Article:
You could also get an IT professional to check your computer.

If you transferred money to the scammer in the last 24 hours

Tell the police immediately by calling 101.

If you think your account details or PIN have been stolen

Contact your bank immediately so they can protect your account.

After you’ve told your bank about the scam, keep an eye on your bank statement and look out for any unusual transactions. Also check your credit report to see if there are any applications for credit you don’t recognise.

If you think your passwords could have been stolen

Change your passwords as soon as possible. If you’ve used the same passwords on any other accounts, you should change these too.

Make sure you create a strong password e.g. using numbers and special characters.

Some sites let you add extra security to your account. This is known as ‘two factor authentication’.

If you think one of your accounts has been hacked

If a scammer has stolen your passwords, they could hack into your email, social media or online bank accounts. If you’re worried about this, you can find out what to do from the National Cyber Security Centre.

Can I get my money back?

If you’ve lost money because of a scam, there might be things you can do to get it back. 

Contact your bank immediately if there’s a payment you don’t recognise – this is known as an ‘unauthorised transaction’, or you’ve used your debit card and more money was taken than you expected.

Explain what’s happened and ask if you can get a refund. If you’re not happy with how the bank deals with your claim, you should make an official complaint to them. Find out how to do this by checking their website.

If it’s eight weeks since you complained, and you haven’t got your money bank, contact the Financial Ombudsman. You can also contact the ombudsman if you’ve had a letter from the bank saying it’s not going to take any action. This is known as a financial response letter.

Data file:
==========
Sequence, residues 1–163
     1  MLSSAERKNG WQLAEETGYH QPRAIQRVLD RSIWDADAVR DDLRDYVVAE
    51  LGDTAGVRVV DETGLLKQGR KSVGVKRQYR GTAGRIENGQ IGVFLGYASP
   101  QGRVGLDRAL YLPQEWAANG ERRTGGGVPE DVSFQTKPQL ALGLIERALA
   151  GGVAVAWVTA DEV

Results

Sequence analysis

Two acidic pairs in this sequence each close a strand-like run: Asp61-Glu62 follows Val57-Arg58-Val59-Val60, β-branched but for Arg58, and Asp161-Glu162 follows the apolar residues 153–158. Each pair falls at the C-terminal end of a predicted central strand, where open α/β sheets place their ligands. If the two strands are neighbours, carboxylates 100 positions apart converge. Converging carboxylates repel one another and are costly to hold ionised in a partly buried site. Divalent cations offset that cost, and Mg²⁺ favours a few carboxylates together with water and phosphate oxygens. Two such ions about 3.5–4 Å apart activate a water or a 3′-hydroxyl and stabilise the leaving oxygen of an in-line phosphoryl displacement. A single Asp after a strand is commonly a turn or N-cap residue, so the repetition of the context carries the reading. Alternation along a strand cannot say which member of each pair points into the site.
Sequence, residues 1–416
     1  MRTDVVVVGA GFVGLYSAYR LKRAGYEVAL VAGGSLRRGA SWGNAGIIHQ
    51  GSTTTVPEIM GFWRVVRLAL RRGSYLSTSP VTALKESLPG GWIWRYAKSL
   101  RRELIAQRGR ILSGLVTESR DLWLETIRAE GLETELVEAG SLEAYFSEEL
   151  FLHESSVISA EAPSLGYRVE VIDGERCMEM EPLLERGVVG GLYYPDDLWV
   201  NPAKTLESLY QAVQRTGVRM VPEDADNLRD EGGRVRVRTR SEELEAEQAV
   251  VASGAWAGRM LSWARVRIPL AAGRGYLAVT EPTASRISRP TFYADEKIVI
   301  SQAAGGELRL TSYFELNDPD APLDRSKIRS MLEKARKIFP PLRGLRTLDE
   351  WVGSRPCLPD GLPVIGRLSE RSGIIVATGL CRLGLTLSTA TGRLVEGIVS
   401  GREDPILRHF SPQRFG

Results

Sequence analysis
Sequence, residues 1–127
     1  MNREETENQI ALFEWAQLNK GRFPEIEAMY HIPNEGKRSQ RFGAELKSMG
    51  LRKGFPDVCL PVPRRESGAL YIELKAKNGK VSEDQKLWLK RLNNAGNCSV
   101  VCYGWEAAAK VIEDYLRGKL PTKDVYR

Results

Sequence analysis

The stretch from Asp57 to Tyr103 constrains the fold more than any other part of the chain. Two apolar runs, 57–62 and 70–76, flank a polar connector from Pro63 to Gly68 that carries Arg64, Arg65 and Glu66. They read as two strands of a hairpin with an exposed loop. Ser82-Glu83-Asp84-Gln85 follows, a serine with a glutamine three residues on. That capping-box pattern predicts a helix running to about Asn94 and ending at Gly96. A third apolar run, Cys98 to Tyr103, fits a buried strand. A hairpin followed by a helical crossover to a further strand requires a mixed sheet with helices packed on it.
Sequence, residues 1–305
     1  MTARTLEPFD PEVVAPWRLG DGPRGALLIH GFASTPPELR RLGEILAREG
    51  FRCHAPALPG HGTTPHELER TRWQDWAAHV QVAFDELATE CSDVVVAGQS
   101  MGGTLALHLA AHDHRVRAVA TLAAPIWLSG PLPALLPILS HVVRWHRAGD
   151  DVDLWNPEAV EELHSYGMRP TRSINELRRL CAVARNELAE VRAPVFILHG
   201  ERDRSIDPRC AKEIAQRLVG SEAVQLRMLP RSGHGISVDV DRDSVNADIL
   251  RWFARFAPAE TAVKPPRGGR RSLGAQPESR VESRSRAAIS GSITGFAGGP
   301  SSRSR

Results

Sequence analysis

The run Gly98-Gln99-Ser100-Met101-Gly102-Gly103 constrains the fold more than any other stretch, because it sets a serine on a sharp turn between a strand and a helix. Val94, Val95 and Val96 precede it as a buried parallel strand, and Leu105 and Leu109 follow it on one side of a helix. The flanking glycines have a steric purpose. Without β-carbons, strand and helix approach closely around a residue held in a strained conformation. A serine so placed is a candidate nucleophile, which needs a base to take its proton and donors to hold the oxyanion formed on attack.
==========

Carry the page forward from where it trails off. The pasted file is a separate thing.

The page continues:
If the ombudsman decides you’ve been treated unfairly, it’s got legal powers to put things right.

Sadly, not all money lost through scams can be reclaimed. If you’ve been left in debt following a scam, get in touch with us and we’ll help you with free debt advice and support.

Who should I report a scam to?

It’s a good idea to report a scam – even if you’ve got your money back – as it can prevent it happening to someone else.

You can report the scam to Citizens Advice who pass all the information on to Trading Standards and they’ll decide whether to investigate or not. Depending on what they find, they can take legal action against the scammers or stop them operating.

All scams should also be reported to Action Fraud, the UK’s national reporting centre for fraud.

Action Fraud can get the National Fraud Intelligence Bureau to investigate scams. They’ll also give you a crime reference number, which can be helpful if you need to tell your bank you’ve been scammed. You can report a scam to Action Fraud at or call 0300 123 2040

If you receive a scam email, you should forward it to [email protected]. It will go to the National Cyber Security Centre and might stop other people being scammed.

Online scam adverts should be reported to the Advertising Standards Authority. You may also be able to report an advert directly to the platform hosting it e.g. Google, Facebook and Instagram.

Avatar of Lydia Bell-Jones

Lydia Bell-Jones

With a background in banking, Lydia has been writing professionally for over five years. She is passionate about helping people improve their personal finances and has a particular interest in the connection between money and mental health.